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Former Financial Secretary in the Finance and Planning Ministry, Shirley Tyndall, has been appointed chair of the new National Contracts Commission (NCC)Ms. Tyndall, who retired last April after almost five decades in the public sector, succeeds former Chairman, Donald Miller.
She was presented with the instrument of appointment by Governor- General, His Excellency the Most Hon. Professor Kenneth Hall at King’s House this morning (May 17). Contractor General Greg Christie witnessed the appointment.
Speaking in a JIS News interview, Ms. Tyndall, who is expected to hold the position for the next seven years, classified the period as “just about a day and a half of service”, noting that she has already spent 46 years in the public sector. “I’ve been asked to serve and I will try to give it my best,” she added.
With respect to information contained in the 18th annual report of the office of the Contractor General showing a reduction in the level of non-compliance in the award of contracts since the establishment of the Commission, Ms. Tyndall said the intention was to keep the momentum started by the previous body, whose tenure expires today, May 17.
“What we expect is that this new Commission will build on the successes of the previous Commission. We certainly will be trying to build on the successes,” she stated.
Ms. Tyndall said she looked forward to working with the Office of the Contractor General, noting that the bodies, while “two distinct organizations”, were both “creatures of Parliament” and so complemented each other.
The NCC was established to promote efficiency in the awarding and implementation of government contracts, following the amendment of the Contractor General’s Act in 1999, to replace the Government Contracts Committee, which operated since 1963. The NCC is an independent Commission of Parliament with responsibility for overseeing the public sector procurement process and is required by law to ensure transparency, integrity and equity in the process.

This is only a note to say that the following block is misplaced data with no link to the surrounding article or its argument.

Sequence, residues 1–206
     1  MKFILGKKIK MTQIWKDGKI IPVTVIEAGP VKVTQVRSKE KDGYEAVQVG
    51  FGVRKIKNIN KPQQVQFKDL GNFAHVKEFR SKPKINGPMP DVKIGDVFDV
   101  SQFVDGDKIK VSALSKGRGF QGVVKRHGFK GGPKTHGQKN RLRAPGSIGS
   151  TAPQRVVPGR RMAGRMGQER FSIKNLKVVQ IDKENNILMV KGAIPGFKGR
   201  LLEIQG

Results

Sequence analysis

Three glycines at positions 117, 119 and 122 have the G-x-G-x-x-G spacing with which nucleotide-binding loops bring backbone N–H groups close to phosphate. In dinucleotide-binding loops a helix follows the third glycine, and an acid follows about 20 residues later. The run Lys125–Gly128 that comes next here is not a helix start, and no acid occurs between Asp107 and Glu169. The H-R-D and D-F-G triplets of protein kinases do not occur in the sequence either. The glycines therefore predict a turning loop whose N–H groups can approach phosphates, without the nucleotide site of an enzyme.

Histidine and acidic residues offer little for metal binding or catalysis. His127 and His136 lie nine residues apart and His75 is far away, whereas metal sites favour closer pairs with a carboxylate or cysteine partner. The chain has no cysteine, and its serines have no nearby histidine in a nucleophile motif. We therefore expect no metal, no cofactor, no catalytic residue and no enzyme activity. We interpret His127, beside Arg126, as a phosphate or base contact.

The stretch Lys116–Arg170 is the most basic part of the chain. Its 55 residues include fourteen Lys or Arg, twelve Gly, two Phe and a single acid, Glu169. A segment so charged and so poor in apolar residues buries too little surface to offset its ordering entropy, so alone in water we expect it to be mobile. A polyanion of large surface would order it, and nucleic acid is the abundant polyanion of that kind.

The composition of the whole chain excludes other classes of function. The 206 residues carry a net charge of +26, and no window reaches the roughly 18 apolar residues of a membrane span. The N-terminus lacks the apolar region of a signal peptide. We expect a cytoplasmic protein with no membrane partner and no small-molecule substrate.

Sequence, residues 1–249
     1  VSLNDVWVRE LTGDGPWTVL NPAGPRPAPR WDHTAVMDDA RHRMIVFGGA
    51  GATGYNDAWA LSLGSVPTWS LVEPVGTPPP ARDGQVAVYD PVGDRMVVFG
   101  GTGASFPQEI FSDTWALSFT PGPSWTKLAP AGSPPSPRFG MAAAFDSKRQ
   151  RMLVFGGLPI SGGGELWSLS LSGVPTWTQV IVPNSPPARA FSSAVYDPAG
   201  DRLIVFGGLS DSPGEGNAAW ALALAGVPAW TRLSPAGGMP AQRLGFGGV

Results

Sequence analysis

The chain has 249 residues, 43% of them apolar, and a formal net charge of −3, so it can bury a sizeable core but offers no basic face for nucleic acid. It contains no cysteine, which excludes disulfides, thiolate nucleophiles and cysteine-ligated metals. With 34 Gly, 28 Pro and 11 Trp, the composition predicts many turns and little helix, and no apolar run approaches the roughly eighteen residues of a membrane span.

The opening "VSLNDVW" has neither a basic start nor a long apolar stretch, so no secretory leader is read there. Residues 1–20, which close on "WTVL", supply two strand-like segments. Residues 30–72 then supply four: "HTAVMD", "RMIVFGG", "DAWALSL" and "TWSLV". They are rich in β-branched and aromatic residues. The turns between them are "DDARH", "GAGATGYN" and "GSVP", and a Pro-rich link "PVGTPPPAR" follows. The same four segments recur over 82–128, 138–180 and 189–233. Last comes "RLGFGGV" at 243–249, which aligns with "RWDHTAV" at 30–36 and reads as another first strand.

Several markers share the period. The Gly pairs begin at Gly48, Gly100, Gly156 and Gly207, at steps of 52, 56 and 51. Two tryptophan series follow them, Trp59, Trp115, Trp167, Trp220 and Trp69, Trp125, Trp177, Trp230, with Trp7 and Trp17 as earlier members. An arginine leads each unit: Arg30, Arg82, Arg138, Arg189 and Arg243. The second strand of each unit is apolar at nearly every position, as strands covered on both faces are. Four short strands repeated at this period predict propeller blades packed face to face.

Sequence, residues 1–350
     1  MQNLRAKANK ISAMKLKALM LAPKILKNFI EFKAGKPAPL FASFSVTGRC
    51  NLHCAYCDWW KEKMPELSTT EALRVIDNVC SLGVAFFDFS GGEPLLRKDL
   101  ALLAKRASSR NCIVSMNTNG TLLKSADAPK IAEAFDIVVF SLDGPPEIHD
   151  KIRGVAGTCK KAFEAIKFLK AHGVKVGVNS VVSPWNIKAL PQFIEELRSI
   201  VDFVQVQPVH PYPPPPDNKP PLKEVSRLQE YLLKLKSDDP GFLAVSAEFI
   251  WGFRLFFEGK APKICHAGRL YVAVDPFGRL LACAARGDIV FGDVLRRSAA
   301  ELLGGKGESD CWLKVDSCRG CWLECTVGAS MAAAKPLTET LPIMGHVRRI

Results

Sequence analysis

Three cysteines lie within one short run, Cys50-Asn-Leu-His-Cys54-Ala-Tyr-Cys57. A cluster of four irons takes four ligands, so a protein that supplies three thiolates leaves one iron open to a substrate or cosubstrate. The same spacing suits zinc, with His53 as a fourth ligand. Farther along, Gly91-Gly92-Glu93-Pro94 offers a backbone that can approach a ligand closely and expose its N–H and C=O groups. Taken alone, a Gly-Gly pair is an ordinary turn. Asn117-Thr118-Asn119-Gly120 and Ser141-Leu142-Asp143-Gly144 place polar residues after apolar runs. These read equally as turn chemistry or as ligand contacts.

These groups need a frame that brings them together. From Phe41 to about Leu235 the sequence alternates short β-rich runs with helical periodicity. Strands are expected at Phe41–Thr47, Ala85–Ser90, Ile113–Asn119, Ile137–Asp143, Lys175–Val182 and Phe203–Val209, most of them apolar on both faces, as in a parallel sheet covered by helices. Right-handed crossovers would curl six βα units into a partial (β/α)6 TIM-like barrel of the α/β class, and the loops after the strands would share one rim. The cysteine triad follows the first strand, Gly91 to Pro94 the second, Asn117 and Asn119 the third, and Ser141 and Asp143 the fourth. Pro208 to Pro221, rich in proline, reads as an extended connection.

The NCC, as part of its functions, examines tenders submitted for the award of contracts; makes recommendations on the award of contracts to government ministries, agencies, departments and Cabinet, as required; establishes and maintains a national register of public sector contractors, grading them in accordance with their capabilities and categorizing them in approximately 30 skill areas; and presents proposals to Cabinet for improving efficiency in the procedures for the granting and implementation of government contracts.
It also oversees the activities of sector committees, which the NCC has established, to help in the effective discharge of its functions.
The Commission may, by law, enter into any transaction, which it considers necessary or desirable for the proper performance of its functions. It has the power to make regulations as provided for in the Contractor General’s Act and can determine: the qualifications of prospective contractors and consultants for registration and classification; the procedure for submission of tenders for government contracts; the requirement for contractors to enter into performance bonds, competitive bidding for government contracts, and the circumstances and procedures for canceling the registration of contractors and consultants.
The eight-member NCC includes representatives from government agencies and the private sector, who are appointed to serve for a period of seven years.